Then there is “facilitated training support in the areas of Night Vision Goggle maintenance, Explosive Ordnance Disposal/Hazardous Material team training, and Aviation Training,” Renuart notes, saying “our service components are actively engaged with their Mexican counterparts in subject matter exchanges and sharing lessons learned from our experiences in the areas of civil-military relations and urban operations.”
With NORTHCOM serving as the military assistance arm behind Mexico’s drug war and Plan Mexico, and with officials of the military unit already expressing a desire for a long-term partnership with the Mexican government, the future NORTHCOM’s involvement in Mexico seems almost guaranteed.
This week, a SEDENA chief named Raúl Gámez Segovia acknowledged that while the terms of Plan Mexico technically ended in September, the US State Department has already proposed more funds for the drug war, and that “U.S. support for the acquisition of material and equipment to institutions in fighting drug trafficking is at a very advanced stage.”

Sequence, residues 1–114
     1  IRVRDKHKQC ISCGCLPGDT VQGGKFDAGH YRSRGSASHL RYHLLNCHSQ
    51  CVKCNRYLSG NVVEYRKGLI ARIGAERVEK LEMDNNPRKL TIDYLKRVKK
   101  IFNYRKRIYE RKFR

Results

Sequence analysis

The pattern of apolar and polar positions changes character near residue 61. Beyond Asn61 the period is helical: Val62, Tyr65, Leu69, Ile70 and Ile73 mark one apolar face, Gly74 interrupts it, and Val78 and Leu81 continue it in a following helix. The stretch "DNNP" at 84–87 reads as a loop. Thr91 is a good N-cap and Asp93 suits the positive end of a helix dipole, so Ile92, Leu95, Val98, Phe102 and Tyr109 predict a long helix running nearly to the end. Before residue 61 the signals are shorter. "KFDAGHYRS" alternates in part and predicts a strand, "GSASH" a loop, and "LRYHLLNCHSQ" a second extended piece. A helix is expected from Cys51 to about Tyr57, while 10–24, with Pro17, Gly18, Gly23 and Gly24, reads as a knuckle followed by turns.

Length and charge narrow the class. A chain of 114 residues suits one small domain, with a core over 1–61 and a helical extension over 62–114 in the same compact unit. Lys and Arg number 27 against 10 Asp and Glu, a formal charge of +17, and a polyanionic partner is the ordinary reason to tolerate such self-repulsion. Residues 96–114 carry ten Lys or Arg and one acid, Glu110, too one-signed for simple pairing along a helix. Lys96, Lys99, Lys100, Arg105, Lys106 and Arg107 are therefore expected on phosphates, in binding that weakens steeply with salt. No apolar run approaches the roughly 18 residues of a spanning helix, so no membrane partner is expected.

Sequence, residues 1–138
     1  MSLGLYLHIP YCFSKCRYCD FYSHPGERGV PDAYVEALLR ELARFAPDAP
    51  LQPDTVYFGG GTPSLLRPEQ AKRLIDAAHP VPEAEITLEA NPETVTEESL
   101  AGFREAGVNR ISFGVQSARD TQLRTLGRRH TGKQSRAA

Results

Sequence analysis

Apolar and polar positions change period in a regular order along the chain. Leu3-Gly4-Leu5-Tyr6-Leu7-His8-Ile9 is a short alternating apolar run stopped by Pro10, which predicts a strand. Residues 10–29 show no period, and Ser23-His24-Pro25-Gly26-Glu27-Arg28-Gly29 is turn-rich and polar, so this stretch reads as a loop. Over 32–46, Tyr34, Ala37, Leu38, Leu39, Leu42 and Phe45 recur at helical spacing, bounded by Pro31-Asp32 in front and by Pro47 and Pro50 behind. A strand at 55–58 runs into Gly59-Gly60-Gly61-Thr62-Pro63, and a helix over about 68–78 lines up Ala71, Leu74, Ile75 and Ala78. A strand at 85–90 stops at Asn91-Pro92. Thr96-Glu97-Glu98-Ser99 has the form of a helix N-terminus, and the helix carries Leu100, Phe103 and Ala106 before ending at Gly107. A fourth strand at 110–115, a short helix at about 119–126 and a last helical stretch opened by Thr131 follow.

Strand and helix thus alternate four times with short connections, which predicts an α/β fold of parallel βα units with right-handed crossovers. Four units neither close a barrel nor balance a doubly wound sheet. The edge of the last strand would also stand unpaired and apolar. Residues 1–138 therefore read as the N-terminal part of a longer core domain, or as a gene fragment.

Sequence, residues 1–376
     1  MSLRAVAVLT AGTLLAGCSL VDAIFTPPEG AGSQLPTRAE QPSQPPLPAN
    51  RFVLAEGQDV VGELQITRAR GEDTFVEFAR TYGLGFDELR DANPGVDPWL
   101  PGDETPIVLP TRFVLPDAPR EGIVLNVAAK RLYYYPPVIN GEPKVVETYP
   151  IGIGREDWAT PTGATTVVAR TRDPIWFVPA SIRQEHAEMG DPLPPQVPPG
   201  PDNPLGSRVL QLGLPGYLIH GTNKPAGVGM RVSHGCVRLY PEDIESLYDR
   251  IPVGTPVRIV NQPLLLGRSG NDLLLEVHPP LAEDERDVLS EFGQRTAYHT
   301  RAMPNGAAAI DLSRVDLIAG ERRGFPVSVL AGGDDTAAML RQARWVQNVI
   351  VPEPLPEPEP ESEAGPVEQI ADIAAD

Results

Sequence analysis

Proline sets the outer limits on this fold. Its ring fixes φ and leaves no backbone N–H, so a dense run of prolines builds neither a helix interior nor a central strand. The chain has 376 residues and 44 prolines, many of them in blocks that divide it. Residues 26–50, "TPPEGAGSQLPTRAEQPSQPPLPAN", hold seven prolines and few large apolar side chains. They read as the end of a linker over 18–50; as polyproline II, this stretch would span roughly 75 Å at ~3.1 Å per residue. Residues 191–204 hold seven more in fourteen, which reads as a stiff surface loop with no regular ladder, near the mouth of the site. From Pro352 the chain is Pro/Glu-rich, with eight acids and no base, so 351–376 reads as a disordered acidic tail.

On the human rights front, there is no accountability for members of the Mexican armed forces who commit acts of torture, or murders of civilians. In September, the State Department announced it was withholding $26 million in Plan Mexico funds due to concerns over abuses committed by the Mexican military.
Adding to that the increasing number of complaints of corruption against members of the Mexican armed forces, coupled with the estimated 28,000 people in Mexico who have died from drug war related violence in the last four years, the end to the drug war—and the US NORTHCOM’s numerous ways of supporting it—shows no signs of stopping.
- The Fund for Authentic Journalism